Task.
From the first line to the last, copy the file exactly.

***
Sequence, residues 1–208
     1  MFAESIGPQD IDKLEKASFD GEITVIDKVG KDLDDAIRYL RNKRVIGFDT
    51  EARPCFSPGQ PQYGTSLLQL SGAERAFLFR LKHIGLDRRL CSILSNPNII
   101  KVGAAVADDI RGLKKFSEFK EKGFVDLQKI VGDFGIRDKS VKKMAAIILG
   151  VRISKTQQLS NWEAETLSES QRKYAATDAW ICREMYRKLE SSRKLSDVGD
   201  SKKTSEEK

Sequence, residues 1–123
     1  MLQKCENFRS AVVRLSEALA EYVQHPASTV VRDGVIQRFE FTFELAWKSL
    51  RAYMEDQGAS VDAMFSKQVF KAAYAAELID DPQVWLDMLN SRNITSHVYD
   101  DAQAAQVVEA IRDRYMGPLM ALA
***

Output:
Sequence, residues 1–208
     1  MFAESIGPQD IDKLEKASFD GEITVIDKVG KDLDDAIRYL RNKRVIGFDT
    51  EARPCFSPGQ PQYGTSLLQL SGAERAFLFR LKHIGLDRRL CSILSNPNII
   101  KVGAAVADDI RGLKKFSEFK EKGFVDLQKI VGDFGIRDKS VKKMAAIILG
   151  VRISKTQQLS NWEAETLSES QRKYAATDAW ICREMYRKLE SSRKLSDVGD
   201  SKKTSEEK

Sequence, residues 1–123
     1  MLQKCENFRS AVVRLSEALA EYVQHPASTV VRDGVIQRFE FTFELAWKSL
    51  RAYMEDQGAS VDAMFSKQVF KAAYAAELID DPQVWLDMLN SRNITSHVYD
   101  DAQAAQVVEA IRDRYMGPLM ALA